HIGH HIG STREET – HOW MUCH? MUC

Grazia (UK) - - 10 Hot Stories - WOR DS L AUR A AN­TO­NIA JOR­DAN

I’M NOT ONE to boast, but I’ve just dis­cov­ered the per­fect coat. A swad­dling hug of a piece, it’s crafted from but­tery but­ter­scotch suede and a cloud of white shear­ling. It’s ro­bust yet re­fined, and the best bit is it’s from Gap, so a snip at… Oh. Errr, just over £700. Yep, you read that right.

This price tag might be sur­pris­ing, but it’s no od­dity or mis­take. Wel­come to the high ticket high street. Gap is by no means the only high street name prof­fer­ing spenny pieces right now. There’s Top­shop’s leather pants (£225), Rus­sell & Brom­ley’s em­bel­lished biker boots (£595) and Whis­tles’ Teddy sheep­skin coat, which comes in at a whop­ping £1,199.

So how can the high street jus­tify these ap­par­ently ex­or­bi­tant price tags? In short, the same way de­signer brands do: crafts­man­ship and ma­te­ri­als. Re­spon­si­bly sourced, those shear­lings, sheep­skins and leathers don’t come cheap. For its nubby tweed jack­ets, LK Ben­nett works with Lin­ton Tweeds, a sup­plier in Carlisle also used by Chanel and Burberry.

The high street might be the nat­u­ral habi­tat of the bar­gain-hun­gry, but these high-ticket pieces are res­onat­ing with cus­tomers right now. ‘ We’re see­ing a big lift in our oc­ca­sion dresses at this higher price point, with sales up by a quar­ter,’ ex­plains Huong Su, mer­chan­dis­ing di­rec­tor at LK Ben­nett. ‘Sales of our Charlee tweed jacket have al­most dou­bled in the past year alone.’ It’s a sim­i­lar suc­cess story at Fin­ery, where the Glass leather coat (£599) was a sell-out – and the Leila (far left, at £395) is set to fol­low in its foot­steps. ‘ We’re very proud of our leather and feel it bridges the gap be­tween high street and lux­ury (and the price tag that ac­com­pa­nies the lat­ter),’ says the brand’s cre­ative di­rec­tor, Emma Far­row. ‘ We’ve been re­ally pleased with cus­tomers’ re­ac­tions to our leather col­lec­tions. It’s def­i­nitely a key growth area for us.’ That suc­cess shouldn’t come as a sur­prise. In an age when the ‘ buy it, bin it’ men­tal­ity of fast fash­ion feels grossly out of step with the times, when we’re all striv­ing to con­sume more mind­fully, it fol­lows that the high­street cus­tomer might also want to in­vest in ‘for­ever pieces’. Typ­i­cally, when em­brac­ing a wince-wor­thy price tag, we like to be buf­feted by the re­as­sur­ing kudos of a de­signer la­bel. It takes a cer­tain self-as­sur­ance to spend that money on a high street name. Snobs would dis­miss the high ticket high street as the sartorial equiv­a­lent of buy­ing the best house on a bad street. And there is a point to be made: if you’re drop­ping a grand on a new item of cloth­ing, why not just buy de­signer? Well, sim­ply put, for the equiv­a­lent item you’d be look­ing at two, three, four thou­sand pounds more. In the age of £1,000 de­signer jeans and £500 T-shirts, a £700 coat might not be a bar­gain ex­actly – but it is a solid in­vest­ment.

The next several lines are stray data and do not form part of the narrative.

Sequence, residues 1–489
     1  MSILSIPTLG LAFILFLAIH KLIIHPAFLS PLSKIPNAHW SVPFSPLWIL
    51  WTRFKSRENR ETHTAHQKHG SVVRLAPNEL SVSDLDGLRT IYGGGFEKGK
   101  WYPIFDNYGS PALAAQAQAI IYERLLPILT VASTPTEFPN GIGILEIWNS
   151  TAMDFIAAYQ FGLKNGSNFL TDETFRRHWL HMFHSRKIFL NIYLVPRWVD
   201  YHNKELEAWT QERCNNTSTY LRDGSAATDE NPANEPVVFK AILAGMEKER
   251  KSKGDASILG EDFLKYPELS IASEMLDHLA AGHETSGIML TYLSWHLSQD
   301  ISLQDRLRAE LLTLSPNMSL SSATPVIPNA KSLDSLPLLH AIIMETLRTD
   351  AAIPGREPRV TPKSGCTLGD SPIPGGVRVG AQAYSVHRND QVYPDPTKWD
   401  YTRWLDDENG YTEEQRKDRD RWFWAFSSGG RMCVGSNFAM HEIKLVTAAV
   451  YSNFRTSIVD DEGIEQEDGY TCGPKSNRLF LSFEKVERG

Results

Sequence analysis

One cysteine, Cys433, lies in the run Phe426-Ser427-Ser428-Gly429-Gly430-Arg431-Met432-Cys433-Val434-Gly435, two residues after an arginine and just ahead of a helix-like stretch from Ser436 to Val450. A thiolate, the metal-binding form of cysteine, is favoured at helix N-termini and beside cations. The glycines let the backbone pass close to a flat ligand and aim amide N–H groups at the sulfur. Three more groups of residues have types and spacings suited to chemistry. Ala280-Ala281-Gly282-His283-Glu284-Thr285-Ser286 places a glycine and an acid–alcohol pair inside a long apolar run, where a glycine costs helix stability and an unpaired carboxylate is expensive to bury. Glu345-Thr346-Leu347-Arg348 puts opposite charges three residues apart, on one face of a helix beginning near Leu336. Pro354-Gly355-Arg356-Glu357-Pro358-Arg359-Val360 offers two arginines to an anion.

Gap (gap. £ 704. co.uk) 95 3

ett Benn LK com) nett. lk­ben ( £475

ley Brom ll & Russe om­ley .co.uk) landbr rus­sel ( £595

Karen Millen ( karenm illen.com) £1,400

Top ( sho top sho p £ p. com 695 )

Whis­tles (whis­tles.com) £1,199

LK Ben ( lkbe nett nne £ tt. 1,60 com ) 0

Whi ( whis stles tles. £ com 1,19 ) 9

H&M ) com (hm. £199

Reiss (reiss. com) £750

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